Amidst the panic of the current pandemic, one topic has surprisingly entered the conversation and invoked a new fear worldwide: martial law. In early April 2020, it was questioned if world leaders would establish martial law to respond to the COVID-19 pandemic. This was revisited again in June 2020 when Black Lives Matter protests turned violent. Martial law is a legal concept that, while widely feared, is yet unknown and has unclear legal parameters, consistently leading to abuse of power in countries.
Martial law is defined as the complete control over all aspects of civilian life by national military forces. It can be implemented during war, a state of emergency, natural disaster, or at times of unrest. During its implementation, all constitutional rights, including habeas corpus, are suspended. All civilian courts are disbanded and replaced by military courts, and mandatory checkpoints and curfews can be established within the region of control. Soldiers may search any suspicious person, confiscate belongings, and even evict individuals from their homes without a warrant. There is no limitation on the duration of martial law in any country because its use is determined by necessity, which is also the only prerequisite needed to implement it.
In times of chaos and emergencies, martial law offers a way for the government to take control of the situation and restore stability. While it may seem extreme, martial law re-establishes order and can allow response teams to better help those who most need aid. In the current pandemic, martial law could ensure people follow regulations by the Centre for Disease Control and Prevention (CDC). This could minimise the spread of the disease and increase hospital productivity to better treat infected individuals. Martial law also offers an alternative way to regain control following the Black Lives Matter riots without worsening the already problematic relationship between local police officers and black citizens. Because martial law is extreme, it is only beneficial in emergency situations where it is truly needed to protect the wellbeing of citizens when local authorities cannot do so.
Martial law has been used sporadically throughout modern American history and has been declared by governors, the federal government, and the President across time. It was used to integrate schools in Little Rock in 1954 and to quell riots after the assassination of Martin Luther King Jr. in 1968 and the Rodney King verdict in 1992, which was not dissimilar to today’s BLM protests. It has also been used throughout modern history in Ukraine, Egypt, Poland, and Thailand following both internal and external threats.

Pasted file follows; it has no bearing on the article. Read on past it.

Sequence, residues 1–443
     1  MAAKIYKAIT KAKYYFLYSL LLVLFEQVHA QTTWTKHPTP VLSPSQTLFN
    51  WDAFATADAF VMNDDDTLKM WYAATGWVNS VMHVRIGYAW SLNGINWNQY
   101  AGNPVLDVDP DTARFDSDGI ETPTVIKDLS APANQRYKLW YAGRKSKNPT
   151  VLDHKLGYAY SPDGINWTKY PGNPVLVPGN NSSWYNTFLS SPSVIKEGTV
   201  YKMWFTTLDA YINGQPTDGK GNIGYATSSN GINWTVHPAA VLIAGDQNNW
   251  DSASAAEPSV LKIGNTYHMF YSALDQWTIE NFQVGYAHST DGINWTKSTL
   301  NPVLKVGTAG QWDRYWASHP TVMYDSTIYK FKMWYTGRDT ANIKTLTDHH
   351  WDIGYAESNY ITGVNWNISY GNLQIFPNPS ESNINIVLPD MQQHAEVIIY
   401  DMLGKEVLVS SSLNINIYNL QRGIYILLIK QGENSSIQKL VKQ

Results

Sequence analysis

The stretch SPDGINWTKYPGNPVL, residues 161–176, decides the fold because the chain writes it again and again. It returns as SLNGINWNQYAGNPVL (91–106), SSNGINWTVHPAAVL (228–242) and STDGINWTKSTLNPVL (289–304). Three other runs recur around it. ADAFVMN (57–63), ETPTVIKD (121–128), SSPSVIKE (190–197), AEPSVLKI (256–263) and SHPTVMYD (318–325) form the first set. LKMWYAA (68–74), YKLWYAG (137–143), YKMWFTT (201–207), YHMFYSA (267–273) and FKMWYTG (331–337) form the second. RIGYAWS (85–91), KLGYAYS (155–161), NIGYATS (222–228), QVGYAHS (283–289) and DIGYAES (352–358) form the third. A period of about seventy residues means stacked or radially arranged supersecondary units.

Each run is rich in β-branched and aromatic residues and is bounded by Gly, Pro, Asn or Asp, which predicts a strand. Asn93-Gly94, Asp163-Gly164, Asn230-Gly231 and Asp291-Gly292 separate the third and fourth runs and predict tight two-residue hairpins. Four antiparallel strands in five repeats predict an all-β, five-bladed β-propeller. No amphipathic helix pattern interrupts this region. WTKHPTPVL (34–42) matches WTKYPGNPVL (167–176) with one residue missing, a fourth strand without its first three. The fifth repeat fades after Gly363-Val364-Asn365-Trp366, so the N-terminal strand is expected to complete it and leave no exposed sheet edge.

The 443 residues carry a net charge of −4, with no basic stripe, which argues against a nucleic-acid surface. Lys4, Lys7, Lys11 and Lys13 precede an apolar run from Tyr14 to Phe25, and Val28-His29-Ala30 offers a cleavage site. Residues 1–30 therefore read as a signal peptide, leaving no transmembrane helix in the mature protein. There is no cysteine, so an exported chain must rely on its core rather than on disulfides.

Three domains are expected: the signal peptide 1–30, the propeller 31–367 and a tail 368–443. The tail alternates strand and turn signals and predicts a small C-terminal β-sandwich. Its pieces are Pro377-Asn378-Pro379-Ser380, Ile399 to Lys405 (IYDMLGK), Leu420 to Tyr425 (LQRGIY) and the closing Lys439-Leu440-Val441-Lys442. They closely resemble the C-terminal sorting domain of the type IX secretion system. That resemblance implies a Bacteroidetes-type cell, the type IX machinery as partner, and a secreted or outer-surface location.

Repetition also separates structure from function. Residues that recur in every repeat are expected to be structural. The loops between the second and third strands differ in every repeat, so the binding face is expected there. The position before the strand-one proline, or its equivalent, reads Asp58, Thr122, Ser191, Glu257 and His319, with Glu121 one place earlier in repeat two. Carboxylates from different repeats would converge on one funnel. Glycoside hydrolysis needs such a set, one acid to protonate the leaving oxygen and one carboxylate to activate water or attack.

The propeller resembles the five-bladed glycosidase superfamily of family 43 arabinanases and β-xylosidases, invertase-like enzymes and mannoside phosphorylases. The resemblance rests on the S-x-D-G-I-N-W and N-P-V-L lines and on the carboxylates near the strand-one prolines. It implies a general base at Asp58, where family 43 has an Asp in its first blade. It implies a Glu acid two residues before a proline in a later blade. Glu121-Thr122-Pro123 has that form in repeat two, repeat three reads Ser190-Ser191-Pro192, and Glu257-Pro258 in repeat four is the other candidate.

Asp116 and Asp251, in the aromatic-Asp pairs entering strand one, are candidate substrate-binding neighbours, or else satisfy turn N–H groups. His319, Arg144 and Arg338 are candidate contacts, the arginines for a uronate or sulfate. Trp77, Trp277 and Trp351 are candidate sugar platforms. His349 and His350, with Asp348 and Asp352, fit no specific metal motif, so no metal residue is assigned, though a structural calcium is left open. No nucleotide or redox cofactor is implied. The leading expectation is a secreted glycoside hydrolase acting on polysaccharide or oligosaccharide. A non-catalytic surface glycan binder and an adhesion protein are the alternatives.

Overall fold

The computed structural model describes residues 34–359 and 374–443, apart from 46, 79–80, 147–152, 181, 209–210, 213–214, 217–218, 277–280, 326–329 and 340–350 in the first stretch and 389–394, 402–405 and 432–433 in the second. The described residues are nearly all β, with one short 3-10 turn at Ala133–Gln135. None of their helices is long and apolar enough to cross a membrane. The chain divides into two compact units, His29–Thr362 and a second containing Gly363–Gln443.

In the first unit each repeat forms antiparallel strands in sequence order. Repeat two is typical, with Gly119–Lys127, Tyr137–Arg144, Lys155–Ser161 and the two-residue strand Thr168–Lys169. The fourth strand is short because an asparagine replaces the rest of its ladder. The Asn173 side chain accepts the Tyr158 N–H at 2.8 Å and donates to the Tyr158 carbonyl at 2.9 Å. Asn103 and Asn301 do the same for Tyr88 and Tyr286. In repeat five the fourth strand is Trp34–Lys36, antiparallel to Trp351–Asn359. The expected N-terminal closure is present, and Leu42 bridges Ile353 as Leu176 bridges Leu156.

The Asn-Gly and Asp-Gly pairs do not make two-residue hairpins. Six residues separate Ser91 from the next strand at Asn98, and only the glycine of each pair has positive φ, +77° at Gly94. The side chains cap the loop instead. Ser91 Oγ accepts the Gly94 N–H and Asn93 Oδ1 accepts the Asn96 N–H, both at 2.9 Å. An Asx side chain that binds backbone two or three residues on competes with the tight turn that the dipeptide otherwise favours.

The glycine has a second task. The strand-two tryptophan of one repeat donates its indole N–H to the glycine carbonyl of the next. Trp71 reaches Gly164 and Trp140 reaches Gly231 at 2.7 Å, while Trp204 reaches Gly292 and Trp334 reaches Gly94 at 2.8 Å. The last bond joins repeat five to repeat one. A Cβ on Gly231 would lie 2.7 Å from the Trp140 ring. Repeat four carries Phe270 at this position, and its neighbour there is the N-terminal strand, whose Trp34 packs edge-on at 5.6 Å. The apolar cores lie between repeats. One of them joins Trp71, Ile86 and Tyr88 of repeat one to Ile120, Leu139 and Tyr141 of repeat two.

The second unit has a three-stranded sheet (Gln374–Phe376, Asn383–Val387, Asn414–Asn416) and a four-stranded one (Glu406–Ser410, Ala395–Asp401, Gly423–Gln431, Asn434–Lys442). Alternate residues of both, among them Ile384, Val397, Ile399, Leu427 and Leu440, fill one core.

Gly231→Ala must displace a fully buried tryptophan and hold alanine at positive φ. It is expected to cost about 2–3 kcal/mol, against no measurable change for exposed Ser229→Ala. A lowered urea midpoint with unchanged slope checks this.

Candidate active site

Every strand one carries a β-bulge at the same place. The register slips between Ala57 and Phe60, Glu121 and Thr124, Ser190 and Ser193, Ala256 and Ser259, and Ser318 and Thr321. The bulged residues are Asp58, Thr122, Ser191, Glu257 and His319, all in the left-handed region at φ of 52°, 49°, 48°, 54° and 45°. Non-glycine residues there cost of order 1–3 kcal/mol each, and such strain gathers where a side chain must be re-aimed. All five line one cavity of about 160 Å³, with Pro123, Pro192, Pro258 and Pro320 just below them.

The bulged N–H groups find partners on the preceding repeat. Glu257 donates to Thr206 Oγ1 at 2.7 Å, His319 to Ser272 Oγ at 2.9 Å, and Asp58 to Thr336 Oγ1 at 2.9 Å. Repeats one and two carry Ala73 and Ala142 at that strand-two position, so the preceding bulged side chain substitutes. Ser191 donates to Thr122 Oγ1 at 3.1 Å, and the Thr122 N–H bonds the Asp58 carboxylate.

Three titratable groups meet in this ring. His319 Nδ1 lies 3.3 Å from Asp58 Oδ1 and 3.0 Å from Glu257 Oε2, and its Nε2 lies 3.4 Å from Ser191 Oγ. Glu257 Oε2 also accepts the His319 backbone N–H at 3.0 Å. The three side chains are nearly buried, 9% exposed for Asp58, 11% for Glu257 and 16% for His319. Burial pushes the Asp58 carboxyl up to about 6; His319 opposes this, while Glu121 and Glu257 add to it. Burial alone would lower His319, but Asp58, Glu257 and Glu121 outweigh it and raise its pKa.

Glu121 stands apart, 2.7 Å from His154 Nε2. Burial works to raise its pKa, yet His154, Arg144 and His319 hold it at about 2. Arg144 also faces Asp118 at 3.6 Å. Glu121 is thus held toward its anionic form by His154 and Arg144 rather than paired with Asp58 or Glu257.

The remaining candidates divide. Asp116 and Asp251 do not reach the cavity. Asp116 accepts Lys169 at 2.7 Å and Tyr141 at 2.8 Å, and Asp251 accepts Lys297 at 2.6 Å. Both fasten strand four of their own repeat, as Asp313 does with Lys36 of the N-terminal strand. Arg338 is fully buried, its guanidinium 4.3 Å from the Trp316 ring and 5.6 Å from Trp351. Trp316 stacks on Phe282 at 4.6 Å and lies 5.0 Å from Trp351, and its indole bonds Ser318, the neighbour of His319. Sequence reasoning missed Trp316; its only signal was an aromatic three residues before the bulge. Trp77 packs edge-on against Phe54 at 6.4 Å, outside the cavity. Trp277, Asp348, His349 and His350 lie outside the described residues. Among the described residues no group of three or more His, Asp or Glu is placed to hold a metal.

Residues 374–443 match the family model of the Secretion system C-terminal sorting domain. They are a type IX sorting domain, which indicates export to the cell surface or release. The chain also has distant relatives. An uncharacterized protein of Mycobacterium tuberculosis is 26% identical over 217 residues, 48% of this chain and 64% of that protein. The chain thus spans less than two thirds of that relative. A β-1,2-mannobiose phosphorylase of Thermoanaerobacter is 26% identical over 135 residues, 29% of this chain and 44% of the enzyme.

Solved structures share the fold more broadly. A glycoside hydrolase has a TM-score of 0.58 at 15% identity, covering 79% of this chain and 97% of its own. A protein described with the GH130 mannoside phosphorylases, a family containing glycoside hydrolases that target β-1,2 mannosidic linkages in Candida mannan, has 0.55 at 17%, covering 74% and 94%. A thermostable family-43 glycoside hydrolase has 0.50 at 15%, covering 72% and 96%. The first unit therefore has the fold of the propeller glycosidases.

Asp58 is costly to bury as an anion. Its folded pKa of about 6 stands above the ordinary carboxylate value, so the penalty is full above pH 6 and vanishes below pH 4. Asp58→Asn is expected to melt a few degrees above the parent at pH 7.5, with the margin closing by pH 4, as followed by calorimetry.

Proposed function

Technically, the ability to impose martial law in the US remains with Congress through thePosse Comitatus Act which prohibits federal troops from arresting or detaining people, but allows them to enhance civilian authorities; for example, when cleaning debris and looking for survivors in Louisiana after Hurricane Katrina. The Insurrection Act, however, allows the President to override Congress and deploy federal troops militarily either by request or without state consent if there is unlawful obstruction or civil unrest. These two American laws juxtapose each other and give uncertain information about who can impose martial law and when it is valid. Unfortunately, legislation about martial law is just as unclear in other countries as well.
While martial law can be beneficial in true emergencies, it has a history of allowing political leaders to abuse power. For example, in the Philippines an infamous government-orchestrated scheme sentenced the country to almost nine years of military rule. President Ferdinand Marcos declared martial law in September 1972 which remained in place until January 1981. During that time, he possessed absolute power which he used to quell political opposition and strengthen his control over the country. Despite constitutional reforms in 1987, there are fears that the Philippines may be headed towards another abuse of power through martial law by President Duertes.
All the benefits of martial law are currently outweighed by the lack of clear grounds on which it can be enacted and who can mandate it. Governments across the world must work to establish more concrete rules regarding martial law to eliminate the possibility of exploitation by state officials at any level in times of crisis. Courts must establish clear precedents for martial law to be implemented to avoid abuse of power and prolong civilian unrest. It is essential to set clear prerequisites in all countries for martial law to be legally justified, particularly in a state of emergency like the global COVID-19 pandemic. Citizen’s rights must be protected even in a state of emergency because without clear parameters, the government at any level can eviscerate basic human rights through martial law.